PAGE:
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Why tie a product consumers do not use?

Autore: Dennis W Carlton; Joshua Gans; Michael Waldman; National Bureau of Economic Research.
Editore: Cambridge, Mass. : National Bureau of Economic Research, 2007.
Serie: Working paper series (National Bureau of Economic Research), no. 13339.
Edizione/Formato:   eBook : Document : EnglishVedi tutte le edizioni e i formati
Banca dati:WorldCat
Sommario:
This paper provides a new explanation for tying that is not based on any of the standard explanations -- efficiency, price discrimination, and exclusion. Our analysis shows how a monopolist sometimes has an incentive to tie a complementary good to its monopolized good in order to transfer profits from a rival producer of the complementary product to the monopolist. This occurs even when consumers -- who have the  Per saperne di più…
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Dettagli

Informazioni aggiuntive sul formato: (OCoLC)173521328
Tipo materiale: Document, Risorsa internet
Tipo documento: Internet Resource, Computer File
Tutti gli autori / Collaboratori: Dennis W Carlton; Joshua Gans; Michael Waldman; National Bureau of Economic Research.
Numero OCLC: 166326460
Note di riproduzione: Electronic reproduction. [S.l.] : HathiTrust Digital Library, 2011. MiAaHDL
Descrizione: 1 online resource (1 v.)
Dettagli: Master and use copy. Digital master created according to Benchmark for Faithful Digital Reproductions of Monographs and Serials, Version 1. Digital Library Federation, December 2002.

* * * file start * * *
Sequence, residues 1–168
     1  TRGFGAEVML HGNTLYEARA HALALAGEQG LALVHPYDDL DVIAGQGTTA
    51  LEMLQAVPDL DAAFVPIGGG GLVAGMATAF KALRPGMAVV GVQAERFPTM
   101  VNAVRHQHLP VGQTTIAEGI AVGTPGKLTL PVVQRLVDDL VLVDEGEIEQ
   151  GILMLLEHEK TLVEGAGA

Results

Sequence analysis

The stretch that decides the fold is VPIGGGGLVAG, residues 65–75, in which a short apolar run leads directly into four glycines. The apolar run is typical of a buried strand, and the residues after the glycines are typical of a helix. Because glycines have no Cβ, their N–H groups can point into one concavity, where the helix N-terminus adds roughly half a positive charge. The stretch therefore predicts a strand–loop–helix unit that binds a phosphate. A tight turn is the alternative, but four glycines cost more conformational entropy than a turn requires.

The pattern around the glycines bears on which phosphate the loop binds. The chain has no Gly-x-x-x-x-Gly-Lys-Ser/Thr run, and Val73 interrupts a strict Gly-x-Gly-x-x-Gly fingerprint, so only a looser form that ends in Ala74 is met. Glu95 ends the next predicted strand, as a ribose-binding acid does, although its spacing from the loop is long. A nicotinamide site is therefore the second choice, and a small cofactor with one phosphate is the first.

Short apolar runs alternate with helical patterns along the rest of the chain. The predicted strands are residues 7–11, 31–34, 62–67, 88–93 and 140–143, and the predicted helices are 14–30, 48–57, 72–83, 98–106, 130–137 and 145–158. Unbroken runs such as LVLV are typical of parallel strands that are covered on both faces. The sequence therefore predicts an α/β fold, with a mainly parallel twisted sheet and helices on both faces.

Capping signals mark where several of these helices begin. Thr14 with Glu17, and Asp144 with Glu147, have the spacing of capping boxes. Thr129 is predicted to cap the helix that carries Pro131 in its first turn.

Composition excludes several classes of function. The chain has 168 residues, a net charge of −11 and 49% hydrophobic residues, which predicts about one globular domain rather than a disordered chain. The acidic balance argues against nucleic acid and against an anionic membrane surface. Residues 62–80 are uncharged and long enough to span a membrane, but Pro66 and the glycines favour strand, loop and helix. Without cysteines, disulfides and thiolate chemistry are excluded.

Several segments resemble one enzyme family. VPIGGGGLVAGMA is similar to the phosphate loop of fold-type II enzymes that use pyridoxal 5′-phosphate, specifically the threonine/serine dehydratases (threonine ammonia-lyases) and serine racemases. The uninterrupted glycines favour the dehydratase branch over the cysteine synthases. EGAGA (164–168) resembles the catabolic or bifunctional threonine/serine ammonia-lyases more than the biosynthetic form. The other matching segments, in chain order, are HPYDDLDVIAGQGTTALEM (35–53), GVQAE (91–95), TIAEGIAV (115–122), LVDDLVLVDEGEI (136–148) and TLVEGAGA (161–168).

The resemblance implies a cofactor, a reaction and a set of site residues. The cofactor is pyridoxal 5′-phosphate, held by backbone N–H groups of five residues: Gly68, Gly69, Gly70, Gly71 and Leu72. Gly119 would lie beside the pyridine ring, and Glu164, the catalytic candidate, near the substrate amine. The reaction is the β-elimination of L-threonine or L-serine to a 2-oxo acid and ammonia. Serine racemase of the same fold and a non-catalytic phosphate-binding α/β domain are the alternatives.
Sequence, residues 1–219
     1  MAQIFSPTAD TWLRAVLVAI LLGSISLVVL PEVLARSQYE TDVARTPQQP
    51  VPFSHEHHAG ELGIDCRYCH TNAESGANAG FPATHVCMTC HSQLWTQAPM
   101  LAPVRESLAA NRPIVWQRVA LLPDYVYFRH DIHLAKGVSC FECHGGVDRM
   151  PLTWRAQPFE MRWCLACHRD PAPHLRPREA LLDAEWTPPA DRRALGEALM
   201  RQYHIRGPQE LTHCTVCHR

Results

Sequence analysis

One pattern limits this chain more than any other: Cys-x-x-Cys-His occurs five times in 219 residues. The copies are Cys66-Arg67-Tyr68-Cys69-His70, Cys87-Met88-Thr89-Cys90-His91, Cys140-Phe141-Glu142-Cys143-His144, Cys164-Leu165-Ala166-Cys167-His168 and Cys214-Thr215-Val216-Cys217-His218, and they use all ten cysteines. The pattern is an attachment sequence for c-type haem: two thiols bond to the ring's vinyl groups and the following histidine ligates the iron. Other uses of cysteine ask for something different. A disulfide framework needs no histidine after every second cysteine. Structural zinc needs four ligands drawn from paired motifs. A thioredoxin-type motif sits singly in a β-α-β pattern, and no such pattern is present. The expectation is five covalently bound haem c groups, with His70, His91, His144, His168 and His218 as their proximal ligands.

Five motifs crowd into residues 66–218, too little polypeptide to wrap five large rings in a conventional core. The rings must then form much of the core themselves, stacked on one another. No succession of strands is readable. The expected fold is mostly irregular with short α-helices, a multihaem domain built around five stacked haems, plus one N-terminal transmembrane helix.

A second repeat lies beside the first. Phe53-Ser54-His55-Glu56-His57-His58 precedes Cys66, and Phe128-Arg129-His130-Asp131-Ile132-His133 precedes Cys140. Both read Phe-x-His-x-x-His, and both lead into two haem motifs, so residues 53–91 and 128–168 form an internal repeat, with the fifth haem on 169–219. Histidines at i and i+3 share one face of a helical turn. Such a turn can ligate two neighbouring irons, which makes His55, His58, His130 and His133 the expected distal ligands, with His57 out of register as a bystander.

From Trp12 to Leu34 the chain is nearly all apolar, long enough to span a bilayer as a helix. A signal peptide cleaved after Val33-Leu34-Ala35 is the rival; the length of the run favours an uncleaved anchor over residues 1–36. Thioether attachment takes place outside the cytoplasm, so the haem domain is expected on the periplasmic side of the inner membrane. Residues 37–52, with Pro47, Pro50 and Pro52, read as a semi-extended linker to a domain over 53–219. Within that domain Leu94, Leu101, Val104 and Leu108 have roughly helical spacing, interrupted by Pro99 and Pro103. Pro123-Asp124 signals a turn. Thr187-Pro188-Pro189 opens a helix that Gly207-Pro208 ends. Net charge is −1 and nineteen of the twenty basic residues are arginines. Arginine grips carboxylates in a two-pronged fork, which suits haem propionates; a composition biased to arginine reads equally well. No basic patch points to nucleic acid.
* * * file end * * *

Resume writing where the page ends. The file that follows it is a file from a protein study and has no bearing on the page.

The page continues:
Titolo della serie: Working paper series (National Bureau of Economic Research), no. 13339.
Responsabilità: Dennis W. Carlton, Joshua S. Gans, Michael Waldman.

Abstract:

This paper provides a new explanation for tying that is not based on any of the standard explanations -- efficiency, price discrimination, and exclusion. Our analysis shows how a monopolist sometimes has an incentive to tie a complementary good to its monopolized good in order to transfer profits from a rival producer of the complementary product to the monopolist. This occurs even when consumers -- who have the option to use the monopolist's complementary good -- do not use it. The tie is profitable because it alters the subsequent pricing game between the monopolist and the rival in a manner favorable to the monopolist. We show that this form of tying is socially inefficient, but interestingly can arise only when the tie is socially efficient in the absence of the rival producer. We relate this inefficient form of tying to several actual examples and explore its antitrust implications.

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